Iqaluit City Council pledges support for the disabled
“It was pretty heartening they voted unanimously to support it”
The City of Iqaluit is getting together with the Nunavummi Disabilities Makinnasuaqtit Society to help address disability issues in Iqaluit after council voted unanimously to support the society.
The goal is to support another large community meeting in Iqaluit on disability issues, and for the disabilities society to meet with people face-to-face to talk about their experiences, said the society’s executive director, Wendy Ireland.
“It was pretty heartening they voted unanimously to support it,” she said.
What came out of last year’s meeting was that people with disabilities felt isolated, she added.
“Either they don’t hear about it, or they’re not able to physically get there,” she said.
The new project, which would happen this coming March, would see people doing interviews with the Makinnasuaqtit Society to get a better idea of what changes are necessary.
City council has been “extraordinarily supportive” of the society so far, Ireland said.
“Today I wanted to invite the City of Iqaluit to become a partner for a project that is coming up in March of this year,” Ireland told city council.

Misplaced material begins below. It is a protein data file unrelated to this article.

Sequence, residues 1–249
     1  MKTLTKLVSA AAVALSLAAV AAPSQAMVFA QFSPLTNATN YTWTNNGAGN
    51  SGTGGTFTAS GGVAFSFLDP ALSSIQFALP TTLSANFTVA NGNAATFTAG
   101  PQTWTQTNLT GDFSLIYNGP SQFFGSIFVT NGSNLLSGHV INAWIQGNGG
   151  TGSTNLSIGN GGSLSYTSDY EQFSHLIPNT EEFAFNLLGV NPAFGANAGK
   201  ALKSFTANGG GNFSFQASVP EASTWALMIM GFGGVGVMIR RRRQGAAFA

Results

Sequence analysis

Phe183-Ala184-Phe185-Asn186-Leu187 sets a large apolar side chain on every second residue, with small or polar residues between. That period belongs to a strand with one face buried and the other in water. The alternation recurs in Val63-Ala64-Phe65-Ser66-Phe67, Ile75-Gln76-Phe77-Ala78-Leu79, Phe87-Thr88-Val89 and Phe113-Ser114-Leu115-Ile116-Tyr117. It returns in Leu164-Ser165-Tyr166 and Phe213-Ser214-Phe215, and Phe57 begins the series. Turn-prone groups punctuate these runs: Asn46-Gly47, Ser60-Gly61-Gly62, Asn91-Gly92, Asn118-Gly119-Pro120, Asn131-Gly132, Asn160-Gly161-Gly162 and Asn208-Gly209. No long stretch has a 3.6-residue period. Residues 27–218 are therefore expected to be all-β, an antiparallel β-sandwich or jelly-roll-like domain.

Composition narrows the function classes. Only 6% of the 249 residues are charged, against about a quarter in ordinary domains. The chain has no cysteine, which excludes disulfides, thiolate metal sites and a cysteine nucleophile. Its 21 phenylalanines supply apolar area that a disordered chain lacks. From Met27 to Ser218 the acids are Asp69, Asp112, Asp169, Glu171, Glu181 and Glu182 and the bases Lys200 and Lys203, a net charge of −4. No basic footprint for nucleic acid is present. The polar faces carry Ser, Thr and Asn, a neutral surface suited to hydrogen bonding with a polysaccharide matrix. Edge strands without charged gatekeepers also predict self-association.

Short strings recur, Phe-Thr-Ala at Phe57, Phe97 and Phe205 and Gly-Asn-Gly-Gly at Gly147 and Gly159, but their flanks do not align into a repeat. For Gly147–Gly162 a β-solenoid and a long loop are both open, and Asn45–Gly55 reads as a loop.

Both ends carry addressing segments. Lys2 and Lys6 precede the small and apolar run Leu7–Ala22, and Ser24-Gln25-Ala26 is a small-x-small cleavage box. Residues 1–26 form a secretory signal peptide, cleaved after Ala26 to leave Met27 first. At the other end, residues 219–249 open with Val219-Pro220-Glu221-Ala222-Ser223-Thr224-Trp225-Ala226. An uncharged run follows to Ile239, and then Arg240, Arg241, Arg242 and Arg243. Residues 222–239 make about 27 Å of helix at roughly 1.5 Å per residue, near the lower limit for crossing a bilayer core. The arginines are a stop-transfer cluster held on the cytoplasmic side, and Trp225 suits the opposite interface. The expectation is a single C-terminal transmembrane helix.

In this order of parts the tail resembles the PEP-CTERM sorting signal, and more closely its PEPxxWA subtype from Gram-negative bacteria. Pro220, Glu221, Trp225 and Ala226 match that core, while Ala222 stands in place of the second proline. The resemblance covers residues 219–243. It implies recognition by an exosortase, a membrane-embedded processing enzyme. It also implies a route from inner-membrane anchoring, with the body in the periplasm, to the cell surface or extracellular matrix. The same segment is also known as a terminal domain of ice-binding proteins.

The society is going to be the Nunavut representative for the Canadian Association for Community Living, a post they’ve held for the past seven years.
“We are hoping that the city would support us not monetarily,” she said.
Instead, Ireland asked for help in “finding participants to help people participate, whether that’s a transportation barrier or finding an accessible location to host meetings, maybe to help with promotion of the initiative.”
“We’re happy to administer the project it really wouldn’t cost you very much, except for some support with some of the work that you’re probably already doing,” she said.
So far, Ireland said the society has had success in reaching Iqalummiut who live with disabilities, but “we would really value the support of the council to reach further,” she said.
Coun. Simon Nattaq said there is still work to be done in Iqaluit to accommodate people living with disabilities.
“There are many facilities that are not accessible to disabled people, and some stores, you cannot go in some stores because there’s no access,” he said.
Nattaq said he wanted accessibility issues looked into as soon as possible.
“But as we all know there are barriers that we have to cross,” he said.
Councillor Kenny Bell asked Ireland about the time frame for the project and how many hours would be necessary.
“It really wouldn’t take a lot of hours,” Ireland said.
Those details are still being decided.
“The biggest part that I’m looking for is the support of the city and wouldn’t it be fantastic for the city to be hosting the event itself, Ireland said.
Coun. Terry Dobbin, who works at the children’s group home, was in full support of Ireland’s proposal.
“It’s near and dear to my heart because most of the kids there, once they turn 18, they’re sent South, and I’ve seen countless children go South and they’re just forgotten about,” he said.
“You have my full support, I would be willing to lobby for your organization,” Dobbin said.